A new wave of Democratic legislators and local leaders voted into office in the US overnight might be the country’s most diverse crop of new politicians ever. They include several transgender women, immigrants and former refugees, and some landmark appointments for African-Americans, and Latina and Asian women.
In many cases, those candidates won against personal attacks and rival Republican campaigns based on racism, homophobia, and anti-immigrant messages. The Democratic National Party chair Tom Perez called the party’s victory in the ugly Virginia governor’s race a “blueprint” for the party going forward, and other party members are saying the same about smaller local races.
Virginia legislature: Danica Roem
Virginia elected Danica Roem to the state legislature, making Roem the first transgender woman to every hold state office in America. Roem, 33, ran on a platform of fixing a local highway and paying teachers better. She beat out Robert G. Marshall, 73, the author of a “bathroom bill,” which would have barred transgender people from state and local bathrooms.
Marshall, a 13-term incumbent, has referred to himself as the state’s “chief homophobe.” He has previously sponsored a state bill that would ban same-sex marriage. He refused to debate Roem during the campaign, and his campaign distributed flyers calling Roem “him.” In an interview after the results came in, Roem reportedly had nothing negative to say about Marshall, telling an interviewer, “I would never attack one of my constituents, and Bob is now one of my constituents.”
Democrats also won three state-wide races in Virginia, taking the governor’s seat, lieutenant governor, and attorney general seats, and at least 13 district seats from Republicans besides Marshall’s. Justin Fairfax, the new lieutenant governor, is the second African-American to be elected to state-wide office in Virginia.
Virginia’s general assembly: Hala Ayala, Elizabeth Guzman and Kathy Tran
Hala Ayala and Elizabeth Guzman will be the first Latina women to serve in Virginia’s general assembly, and Kathy Tran, who came to the US as an infant from Vietnam, the first Asian-American woman. Ayala’s opponent’s campaign included fliers that featured a dark-skinned man in a hooded sweatshirt, with a message warning that Ayala would “restore rights to felons” and “child predators.”
Ayala beat the four-term incumbent by about six points.
Mayor of Hoboken, NJ: Ravi Bhalla
In New Jersey, Ravi Bhalla won the Hoboken mayor’s race, becoming the state’s first Sikh mayor, after a nasty campaign in which he was called a “terrorist” in fliers.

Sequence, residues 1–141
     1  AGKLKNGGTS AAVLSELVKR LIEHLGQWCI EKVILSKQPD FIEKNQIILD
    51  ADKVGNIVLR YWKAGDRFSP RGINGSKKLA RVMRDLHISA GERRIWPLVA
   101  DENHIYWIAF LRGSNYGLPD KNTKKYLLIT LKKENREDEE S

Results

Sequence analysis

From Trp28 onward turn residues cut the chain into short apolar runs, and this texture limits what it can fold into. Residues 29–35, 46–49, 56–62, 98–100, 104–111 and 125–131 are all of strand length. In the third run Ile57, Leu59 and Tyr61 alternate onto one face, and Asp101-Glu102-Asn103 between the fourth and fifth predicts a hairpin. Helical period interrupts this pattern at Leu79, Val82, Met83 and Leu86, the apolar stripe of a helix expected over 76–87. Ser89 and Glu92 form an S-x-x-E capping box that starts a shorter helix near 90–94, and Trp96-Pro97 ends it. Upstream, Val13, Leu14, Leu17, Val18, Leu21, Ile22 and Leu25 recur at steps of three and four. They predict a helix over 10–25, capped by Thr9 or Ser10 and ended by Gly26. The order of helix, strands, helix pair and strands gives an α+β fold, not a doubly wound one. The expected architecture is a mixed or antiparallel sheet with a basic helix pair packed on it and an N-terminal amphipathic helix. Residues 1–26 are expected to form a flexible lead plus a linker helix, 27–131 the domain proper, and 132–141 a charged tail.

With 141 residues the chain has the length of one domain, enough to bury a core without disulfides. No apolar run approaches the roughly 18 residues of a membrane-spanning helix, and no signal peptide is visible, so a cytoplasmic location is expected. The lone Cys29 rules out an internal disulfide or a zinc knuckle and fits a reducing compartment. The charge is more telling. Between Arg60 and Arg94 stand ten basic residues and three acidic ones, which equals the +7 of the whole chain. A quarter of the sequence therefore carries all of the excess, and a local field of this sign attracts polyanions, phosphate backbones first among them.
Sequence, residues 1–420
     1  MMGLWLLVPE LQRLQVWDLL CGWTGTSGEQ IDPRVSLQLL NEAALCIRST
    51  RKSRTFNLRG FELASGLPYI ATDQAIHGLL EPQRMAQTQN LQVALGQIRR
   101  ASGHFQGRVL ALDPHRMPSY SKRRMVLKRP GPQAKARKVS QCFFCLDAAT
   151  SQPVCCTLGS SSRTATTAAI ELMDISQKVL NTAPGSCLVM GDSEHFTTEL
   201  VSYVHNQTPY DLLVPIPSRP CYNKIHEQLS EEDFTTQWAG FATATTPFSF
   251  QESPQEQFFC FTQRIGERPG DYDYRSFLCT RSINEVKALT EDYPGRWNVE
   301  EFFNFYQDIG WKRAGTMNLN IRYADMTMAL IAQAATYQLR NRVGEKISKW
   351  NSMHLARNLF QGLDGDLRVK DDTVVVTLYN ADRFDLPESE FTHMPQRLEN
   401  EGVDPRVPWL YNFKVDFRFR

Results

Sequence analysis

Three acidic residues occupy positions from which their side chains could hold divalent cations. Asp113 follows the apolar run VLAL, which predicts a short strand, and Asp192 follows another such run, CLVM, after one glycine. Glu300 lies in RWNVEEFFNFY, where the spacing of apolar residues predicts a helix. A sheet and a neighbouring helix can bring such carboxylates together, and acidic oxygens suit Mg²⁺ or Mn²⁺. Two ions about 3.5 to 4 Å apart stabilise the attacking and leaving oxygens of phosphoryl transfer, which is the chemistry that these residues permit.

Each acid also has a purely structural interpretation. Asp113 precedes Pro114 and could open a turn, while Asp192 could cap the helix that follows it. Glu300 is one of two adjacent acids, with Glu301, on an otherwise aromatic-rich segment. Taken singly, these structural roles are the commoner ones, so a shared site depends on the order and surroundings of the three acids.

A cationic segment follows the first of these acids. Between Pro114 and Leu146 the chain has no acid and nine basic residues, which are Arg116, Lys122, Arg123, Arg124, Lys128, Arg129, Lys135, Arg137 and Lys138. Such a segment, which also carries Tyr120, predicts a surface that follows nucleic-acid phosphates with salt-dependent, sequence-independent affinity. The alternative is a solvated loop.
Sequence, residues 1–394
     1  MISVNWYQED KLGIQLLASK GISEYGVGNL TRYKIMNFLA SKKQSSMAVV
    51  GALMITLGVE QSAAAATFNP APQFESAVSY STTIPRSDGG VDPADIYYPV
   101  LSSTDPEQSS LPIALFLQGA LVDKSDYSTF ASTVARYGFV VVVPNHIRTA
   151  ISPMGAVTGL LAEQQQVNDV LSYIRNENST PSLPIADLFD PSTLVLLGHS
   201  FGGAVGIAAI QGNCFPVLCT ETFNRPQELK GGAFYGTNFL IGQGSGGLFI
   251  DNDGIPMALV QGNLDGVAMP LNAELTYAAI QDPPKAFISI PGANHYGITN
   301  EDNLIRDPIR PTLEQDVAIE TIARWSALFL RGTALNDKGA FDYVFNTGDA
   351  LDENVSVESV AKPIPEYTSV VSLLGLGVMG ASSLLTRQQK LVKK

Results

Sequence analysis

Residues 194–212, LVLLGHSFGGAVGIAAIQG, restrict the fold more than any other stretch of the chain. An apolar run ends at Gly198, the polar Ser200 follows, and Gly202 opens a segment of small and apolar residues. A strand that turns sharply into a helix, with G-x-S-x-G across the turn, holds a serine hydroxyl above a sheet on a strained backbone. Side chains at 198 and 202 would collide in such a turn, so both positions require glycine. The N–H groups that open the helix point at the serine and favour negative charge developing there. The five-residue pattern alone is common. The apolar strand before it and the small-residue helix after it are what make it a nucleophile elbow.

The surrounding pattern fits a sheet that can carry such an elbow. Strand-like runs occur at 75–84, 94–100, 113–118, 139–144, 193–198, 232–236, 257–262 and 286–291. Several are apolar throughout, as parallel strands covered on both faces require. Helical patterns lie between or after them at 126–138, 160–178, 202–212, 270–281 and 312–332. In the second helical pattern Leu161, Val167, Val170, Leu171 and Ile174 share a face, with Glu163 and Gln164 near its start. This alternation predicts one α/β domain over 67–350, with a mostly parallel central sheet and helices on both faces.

Edison, NJ, school board: Jerry Shi and Falguni Patel
In the Edison, New Jersey, school board race, Jerry Shi and Falguni Patel were targeted by racist fliers that said “Make Edison Great Again.”
A Nassau County, NY seat: Laura Curran
Laura Curran, the Democratic candidate for executive in New York’s Nassau County, would “roll out the welcome mat” for violent gangs, a flier paid for by the state Republican National Committee warned.
Jack Martins, her opponent, endorsed the ad personally on local television, saying “People may feel shocked about it, but this is what is preying on our communities.” The ad referred to Curran’s general support for liberal Democrats’ opposition to Trump’s hard-line immigration policies, he said.
Curran beat Martin by about three percentage points, after focusing on an anti-corruption message, becoming the county’s first woman executive.
Montana’s first black mayor: Wilmot Collins
Wilmot Collins, who came to the US after Liberia’s civil war in 1989, became Montana’s first black mayor after he was elected by the town of Helena.
Collins defeated 16-year incumbent Jim Smith, who attend an alt-right group meeting in the city, and pledged not to welcome refugees, attendees said. Collins has spoke about the refugee resettlement process in the US, including at the TEDx event above in February, but during his campaign focused on increasing funding for fire departments and police.
Minneapolis’s city council: Andrea Jenkins
Andrea Jenkins became the city’s first trans woman of color to be elected to the city council. A beloved figure for many in the city, Jenkins wasn’t targeted by negative ads, perhaps because she ran against Green Party Candidate.
Jenkins got 73% of the vote.